George Weigel says that when it comes to the key problem facing France and much of Europe when it comes to battling Islamic extremism is that you can't beat something with nothing:
If all that Europe can say in condemning the despicable murders of Charlie Hebdo’s cartoonists and editors is “We are all Charlie Hebdo,” then what Europe is saying is, in effect, “We are all nihilists.” And how, pray, is nihilism—nothingness raised to a first principle, skepticism taken to the last extreme—supposed to defeat conviction, however warped that conviction is? If all that Europe can say to murderous jihadism is “Why can’t we all just get along?” its fecklessness will make it an even softer target for the kind of lethal fanaticism that recently turned Paris into a war zone.
There’s another aspect to this tangled and bloody business that’s worth noting, and that is the high price that Europe, and France in particular, is paying for culturally engrained (and sometimes legally enforced) political correctness. Virtually proscribing public discussion of the threat to European civility and order posed by Islamist maniacs has made dealing with that threat far more difficult: for citizens, for the security services, and for the public authorities. In the years since 9/11, the French public square has been dominated by the jihadists and the xenophobes; and in that volatile social environment, something very bad was going to happen. Now that it has, perhaps steps can be taken to bring the adults—and the real issues—back into the discussion.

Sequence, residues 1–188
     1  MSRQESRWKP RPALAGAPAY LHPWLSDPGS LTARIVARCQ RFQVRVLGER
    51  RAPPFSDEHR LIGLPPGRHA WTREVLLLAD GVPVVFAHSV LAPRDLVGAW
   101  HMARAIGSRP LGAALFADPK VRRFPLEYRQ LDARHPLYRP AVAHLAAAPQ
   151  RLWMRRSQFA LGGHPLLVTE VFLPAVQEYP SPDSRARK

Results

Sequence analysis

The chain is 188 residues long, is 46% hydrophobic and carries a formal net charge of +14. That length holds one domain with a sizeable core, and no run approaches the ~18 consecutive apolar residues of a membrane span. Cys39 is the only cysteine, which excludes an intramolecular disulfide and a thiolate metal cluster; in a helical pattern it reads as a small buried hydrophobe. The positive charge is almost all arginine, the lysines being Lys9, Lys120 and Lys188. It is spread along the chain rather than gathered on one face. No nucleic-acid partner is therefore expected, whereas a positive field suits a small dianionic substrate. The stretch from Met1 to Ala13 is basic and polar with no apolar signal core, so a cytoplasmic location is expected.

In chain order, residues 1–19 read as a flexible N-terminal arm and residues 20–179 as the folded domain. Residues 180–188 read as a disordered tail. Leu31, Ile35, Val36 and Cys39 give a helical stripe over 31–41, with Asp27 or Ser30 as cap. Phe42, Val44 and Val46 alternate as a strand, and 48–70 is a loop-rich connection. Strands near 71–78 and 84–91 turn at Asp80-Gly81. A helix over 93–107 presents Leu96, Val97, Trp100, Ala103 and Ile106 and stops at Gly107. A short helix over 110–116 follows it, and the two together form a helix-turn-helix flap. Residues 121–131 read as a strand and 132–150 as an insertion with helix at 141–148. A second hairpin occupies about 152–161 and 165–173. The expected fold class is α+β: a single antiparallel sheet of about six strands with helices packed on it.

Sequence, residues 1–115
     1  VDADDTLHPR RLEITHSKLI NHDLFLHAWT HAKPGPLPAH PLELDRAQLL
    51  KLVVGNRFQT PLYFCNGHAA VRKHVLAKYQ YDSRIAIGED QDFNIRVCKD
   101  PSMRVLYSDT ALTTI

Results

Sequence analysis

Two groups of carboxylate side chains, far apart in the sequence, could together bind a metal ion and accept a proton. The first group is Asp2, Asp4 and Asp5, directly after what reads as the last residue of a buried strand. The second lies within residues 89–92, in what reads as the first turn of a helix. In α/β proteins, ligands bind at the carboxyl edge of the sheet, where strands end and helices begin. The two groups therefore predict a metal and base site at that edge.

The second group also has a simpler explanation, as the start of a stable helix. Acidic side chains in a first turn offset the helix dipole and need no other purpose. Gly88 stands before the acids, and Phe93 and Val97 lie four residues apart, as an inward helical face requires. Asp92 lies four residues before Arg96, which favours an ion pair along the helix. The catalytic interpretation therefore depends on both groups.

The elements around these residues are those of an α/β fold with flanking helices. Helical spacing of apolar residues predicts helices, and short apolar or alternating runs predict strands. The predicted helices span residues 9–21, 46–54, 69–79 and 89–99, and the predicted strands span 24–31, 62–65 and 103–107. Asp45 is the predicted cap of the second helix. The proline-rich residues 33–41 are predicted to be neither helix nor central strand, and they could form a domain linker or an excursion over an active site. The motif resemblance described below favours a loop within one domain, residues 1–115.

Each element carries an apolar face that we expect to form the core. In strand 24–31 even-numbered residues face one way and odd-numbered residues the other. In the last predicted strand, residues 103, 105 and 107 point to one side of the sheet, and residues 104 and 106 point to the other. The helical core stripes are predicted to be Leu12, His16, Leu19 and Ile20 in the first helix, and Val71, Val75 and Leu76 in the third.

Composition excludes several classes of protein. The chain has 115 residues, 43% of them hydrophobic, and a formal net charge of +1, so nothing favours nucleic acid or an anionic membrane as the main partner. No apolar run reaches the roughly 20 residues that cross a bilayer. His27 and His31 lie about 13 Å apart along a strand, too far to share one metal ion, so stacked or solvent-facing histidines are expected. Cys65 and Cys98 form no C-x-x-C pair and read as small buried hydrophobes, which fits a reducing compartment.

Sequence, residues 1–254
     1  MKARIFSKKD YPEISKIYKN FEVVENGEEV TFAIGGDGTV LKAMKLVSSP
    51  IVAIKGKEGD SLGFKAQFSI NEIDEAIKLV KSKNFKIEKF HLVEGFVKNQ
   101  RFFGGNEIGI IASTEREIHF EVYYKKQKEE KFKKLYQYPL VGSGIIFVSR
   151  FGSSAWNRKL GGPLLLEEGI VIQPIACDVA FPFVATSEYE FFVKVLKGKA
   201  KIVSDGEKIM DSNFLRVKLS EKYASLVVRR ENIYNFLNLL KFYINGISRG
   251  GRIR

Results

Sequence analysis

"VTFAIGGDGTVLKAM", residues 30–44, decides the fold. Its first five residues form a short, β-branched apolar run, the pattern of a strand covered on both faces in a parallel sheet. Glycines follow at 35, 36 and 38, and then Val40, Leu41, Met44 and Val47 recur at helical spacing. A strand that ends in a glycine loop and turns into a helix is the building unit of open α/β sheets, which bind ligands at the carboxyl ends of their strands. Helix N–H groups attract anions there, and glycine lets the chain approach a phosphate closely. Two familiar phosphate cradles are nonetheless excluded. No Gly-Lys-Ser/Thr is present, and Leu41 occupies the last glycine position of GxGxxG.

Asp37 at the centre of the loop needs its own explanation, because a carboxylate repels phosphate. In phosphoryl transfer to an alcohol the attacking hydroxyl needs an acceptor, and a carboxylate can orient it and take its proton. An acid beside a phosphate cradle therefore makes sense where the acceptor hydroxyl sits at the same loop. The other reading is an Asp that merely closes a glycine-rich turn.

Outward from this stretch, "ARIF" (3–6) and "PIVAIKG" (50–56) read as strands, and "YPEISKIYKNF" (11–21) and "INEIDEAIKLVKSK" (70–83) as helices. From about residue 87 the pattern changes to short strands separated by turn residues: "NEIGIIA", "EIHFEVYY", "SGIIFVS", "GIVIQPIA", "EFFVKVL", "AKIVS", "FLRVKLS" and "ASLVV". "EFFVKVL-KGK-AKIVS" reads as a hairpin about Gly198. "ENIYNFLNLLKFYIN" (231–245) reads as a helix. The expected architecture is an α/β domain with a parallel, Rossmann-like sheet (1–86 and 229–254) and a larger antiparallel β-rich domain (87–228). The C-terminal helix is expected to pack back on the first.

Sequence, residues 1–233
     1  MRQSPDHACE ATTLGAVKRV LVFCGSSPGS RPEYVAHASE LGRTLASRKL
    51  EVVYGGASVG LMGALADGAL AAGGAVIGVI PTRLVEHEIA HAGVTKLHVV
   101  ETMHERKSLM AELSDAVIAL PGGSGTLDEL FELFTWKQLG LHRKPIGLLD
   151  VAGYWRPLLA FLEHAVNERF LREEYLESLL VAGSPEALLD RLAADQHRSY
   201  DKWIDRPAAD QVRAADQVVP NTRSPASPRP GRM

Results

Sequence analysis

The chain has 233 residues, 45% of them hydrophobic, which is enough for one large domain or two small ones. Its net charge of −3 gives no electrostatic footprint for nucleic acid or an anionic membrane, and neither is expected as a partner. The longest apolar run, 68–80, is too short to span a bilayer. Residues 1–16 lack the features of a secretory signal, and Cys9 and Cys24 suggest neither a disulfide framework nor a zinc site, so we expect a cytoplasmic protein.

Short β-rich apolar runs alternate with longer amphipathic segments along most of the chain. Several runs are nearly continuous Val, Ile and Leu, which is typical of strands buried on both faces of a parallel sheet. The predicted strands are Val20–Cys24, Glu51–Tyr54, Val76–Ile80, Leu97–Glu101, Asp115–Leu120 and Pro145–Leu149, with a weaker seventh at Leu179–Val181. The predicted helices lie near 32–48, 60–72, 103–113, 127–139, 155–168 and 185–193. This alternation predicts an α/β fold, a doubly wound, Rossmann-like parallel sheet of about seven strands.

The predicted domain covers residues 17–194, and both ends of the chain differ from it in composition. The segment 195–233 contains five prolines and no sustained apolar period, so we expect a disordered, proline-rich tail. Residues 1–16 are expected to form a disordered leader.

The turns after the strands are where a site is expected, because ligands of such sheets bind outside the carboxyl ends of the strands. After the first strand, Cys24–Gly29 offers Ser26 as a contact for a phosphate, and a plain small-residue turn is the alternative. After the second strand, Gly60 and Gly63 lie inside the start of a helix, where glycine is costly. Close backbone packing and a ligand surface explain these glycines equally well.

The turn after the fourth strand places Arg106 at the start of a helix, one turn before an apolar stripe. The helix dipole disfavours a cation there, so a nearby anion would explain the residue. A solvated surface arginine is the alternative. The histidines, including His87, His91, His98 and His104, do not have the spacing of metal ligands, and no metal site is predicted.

“Liberty, equality, fraternity” can be a noble slogan, bespeaking noble aspirations. But freedom, justice, and human solidarity cannot be grounded in nihilism. If all Europe is Charlie Hebdo, then Europe is doomed.
I was not particularly outraged when President Obama did not attend the "unity" march in Paris after the recent attacks. While from a purely diplomatic perception perspective it would have been a good idea to have some high ranking US official put in an appearance, what was the point of the march other than an expression of feeling? What was the call to action? How were people in Europe, and throughout the world for that matter, now going to prevent future attacks and, more importantly, eventually defeat the various movements of Islamic extremism?
If the majority of Europeans truly no longer believe in anything (be it Christianity, Western civilization, or liberal democracy) then it is going to be difficult to rally them to fight a foe who does. Nihilists are not going to heed the call to man the barricades.